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Thread: Some I2C observations on T3.2 vs T.36 with Wire.h and i2c_t3.h

  1. #1
    Senior Member Blackaddr's Avatar
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    Some I2C observations on T3.2 vs T.36 with Wire.h and i2c_t3.h

    I've been working on improving my BAGuitar library, and doing additional testing. I had some odd results I didn't expect. Perhaps someone might have some insight.

    I'm using teensyduinio 1.40.

    FIRST ISSUE:

    I use the default I2C configuration to configure my codec. I noticed that on my T3.2, I can send transactions to the I2C and never see a failure. If I switch to my T3.6, I see random failures where Wire.endTransmission() returns errors. The errors on the T3.6 occur even at 10Khz. As a work around, I modified my write command to loop and keep retrying until it succeeds.

    It's almost like the library when operating on the T3.6 is not checking a done flag correctly on the peripheral and corrupts a transfer that is in progress. This happens both on the default Wire.h library and the i2c_t3.h library.

    Code:
    // Without this loop, failures occur on T3.6, but never on T3.2
    bool BAAudioControlWM8731::write(unsigned int reg, unsigned int val)
    {
    	bool done = false;
    
    	while (!done) {
    		Wire.beginTransmission(WM8731_I2C_ADDR);
    		Wire.write((reg << 1) | ((val >> 8) & 1));
    		Wire.write(val & 0xFF);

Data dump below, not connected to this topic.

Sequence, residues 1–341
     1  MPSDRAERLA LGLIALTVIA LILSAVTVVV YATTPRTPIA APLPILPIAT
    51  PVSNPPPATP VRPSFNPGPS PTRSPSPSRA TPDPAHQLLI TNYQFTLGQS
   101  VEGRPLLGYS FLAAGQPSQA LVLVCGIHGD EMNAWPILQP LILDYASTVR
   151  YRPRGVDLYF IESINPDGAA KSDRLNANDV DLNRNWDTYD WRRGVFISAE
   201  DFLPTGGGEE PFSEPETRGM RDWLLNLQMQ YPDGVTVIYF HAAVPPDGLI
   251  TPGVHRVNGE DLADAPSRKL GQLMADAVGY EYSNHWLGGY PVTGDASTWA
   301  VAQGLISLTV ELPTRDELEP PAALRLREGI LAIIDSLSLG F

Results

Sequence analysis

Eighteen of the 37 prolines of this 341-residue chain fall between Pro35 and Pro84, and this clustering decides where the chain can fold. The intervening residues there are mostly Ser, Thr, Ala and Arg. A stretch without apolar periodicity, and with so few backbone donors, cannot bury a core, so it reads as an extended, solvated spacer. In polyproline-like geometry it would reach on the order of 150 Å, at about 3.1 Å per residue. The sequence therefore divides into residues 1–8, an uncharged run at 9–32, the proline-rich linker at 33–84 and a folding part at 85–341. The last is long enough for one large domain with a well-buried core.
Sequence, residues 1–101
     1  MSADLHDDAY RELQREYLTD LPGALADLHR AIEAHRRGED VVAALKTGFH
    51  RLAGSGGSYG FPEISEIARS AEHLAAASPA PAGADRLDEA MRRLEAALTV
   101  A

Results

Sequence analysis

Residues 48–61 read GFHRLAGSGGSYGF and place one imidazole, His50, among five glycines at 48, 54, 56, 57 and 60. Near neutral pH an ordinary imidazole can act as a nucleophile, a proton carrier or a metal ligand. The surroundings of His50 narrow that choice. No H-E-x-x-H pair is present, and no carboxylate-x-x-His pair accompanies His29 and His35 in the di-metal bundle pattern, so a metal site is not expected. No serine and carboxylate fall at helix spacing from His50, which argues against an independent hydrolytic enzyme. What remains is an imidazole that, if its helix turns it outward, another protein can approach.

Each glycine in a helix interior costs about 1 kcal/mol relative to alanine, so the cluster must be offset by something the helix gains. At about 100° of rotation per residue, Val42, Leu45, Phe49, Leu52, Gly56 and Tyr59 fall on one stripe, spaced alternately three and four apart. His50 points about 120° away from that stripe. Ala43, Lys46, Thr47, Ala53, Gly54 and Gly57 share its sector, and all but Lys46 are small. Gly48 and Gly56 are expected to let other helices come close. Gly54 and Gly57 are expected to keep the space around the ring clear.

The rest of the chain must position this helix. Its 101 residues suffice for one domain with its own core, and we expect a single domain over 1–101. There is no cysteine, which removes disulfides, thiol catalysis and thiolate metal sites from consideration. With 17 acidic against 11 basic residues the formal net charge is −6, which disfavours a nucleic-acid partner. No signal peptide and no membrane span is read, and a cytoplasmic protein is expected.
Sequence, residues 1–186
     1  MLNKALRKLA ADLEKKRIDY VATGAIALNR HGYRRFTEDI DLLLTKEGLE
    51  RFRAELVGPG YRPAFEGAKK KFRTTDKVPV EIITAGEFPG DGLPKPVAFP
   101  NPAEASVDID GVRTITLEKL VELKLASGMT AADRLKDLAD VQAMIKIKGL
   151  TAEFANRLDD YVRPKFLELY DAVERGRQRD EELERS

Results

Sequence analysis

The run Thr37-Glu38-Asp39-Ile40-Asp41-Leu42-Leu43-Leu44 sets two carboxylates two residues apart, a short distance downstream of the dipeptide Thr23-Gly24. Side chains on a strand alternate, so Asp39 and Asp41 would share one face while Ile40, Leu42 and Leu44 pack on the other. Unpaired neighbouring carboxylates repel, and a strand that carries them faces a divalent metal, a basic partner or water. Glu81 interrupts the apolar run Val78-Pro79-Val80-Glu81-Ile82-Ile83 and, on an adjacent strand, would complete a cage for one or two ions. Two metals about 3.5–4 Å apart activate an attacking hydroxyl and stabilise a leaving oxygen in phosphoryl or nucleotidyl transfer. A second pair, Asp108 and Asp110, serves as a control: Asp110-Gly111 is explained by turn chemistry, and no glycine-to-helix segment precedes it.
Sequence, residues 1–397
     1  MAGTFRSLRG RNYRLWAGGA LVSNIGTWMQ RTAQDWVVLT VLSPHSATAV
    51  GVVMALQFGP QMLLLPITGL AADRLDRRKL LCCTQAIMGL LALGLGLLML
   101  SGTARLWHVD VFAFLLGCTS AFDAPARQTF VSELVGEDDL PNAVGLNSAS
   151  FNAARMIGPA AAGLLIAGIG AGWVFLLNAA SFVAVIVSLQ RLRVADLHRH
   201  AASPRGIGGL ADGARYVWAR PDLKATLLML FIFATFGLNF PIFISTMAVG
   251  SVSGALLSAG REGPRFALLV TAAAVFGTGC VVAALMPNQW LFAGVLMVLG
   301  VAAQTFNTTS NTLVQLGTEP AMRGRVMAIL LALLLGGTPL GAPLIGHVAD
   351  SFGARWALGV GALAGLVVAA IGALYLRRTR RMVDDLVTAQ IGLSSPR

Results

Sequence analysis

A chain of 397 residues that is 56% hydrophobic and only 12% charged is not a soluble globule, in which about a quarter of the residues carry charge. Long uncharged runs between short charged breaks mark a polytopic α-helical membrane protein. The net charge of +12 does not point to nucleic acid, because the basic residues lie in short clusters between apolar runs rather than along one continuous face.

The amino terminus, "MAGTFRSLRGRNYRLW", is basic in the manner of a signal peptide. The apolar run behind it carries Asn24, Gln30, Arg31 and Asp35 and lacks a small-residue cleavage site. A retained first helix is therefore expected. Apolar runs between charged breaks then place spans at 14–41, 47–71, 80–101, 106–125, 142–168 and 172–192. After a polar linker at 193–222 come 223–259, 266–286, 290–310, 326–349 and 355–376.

if (byte error = Wire.endTransmission() ) {
    			Serial.println(String("Wire::Error: ") + error + String(" retrying..."));
    		} else {
    			done = true;
    			Serial.println("Wire::SUCCESS!");
    		}
    	}
    
    	return true;
    }
    SECOND ISSUE:

    I was calling Wire.begin() in a class constructor that was being declared as a global, so the class would be constructed before the sketch setup() gets called. With the default Wire.h library, things generally work fine. However, when I switch to the i2c_t3.h, it would hang the system before ever getting to setup(). I had to move the call to Wire.begin() out of the constructor and into a member function I call in setup().

    I presume there is something about the i2c_t3 library that when setting up the peripheral, it is not yet ready and a hang occurs. Is calling begin() on the peripherals in a global instance constructor generally a bad idea?

    Code:
    #include "i2c_t3.h"
    MyClass object;  // if Wire.begin() is called inside MyClass::MyClass() constructor, this will hang
    
    setup() {
      object.begin(); // call Wire.begin() here instead and it works fine
    }

  2. #2
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    for issue number #1, does this happen if you set t3.6 to 24mhz?

  3. #3
    Senior Member Blackaddr's Avatar
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    Quote Originally Posted by tonton81 View Post
    for issue number #1, does this happen if you set t3.6 to 24mhz?
    Good call! I'm so used to running my Teensy at full speed I forget it has a gas pedal. At 96 MHz, the problem still happens occasionally (say 1 in 10 transfers). At 72 Mhz and below it seems to have no issues, al least over sample of say 50 transfers.

  4. #4
    Senior Member PaulStoffregen's Avatar
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    I'm trying to reproduce this problem. Since I don't have your hardware, I'm running a Teensy 3.6 with the audio shield. I have a 25K pot added to the shield. The audio shield has a SD card with the 4 test WAV files. I've got all setting at defaults, clock is 180 MHz.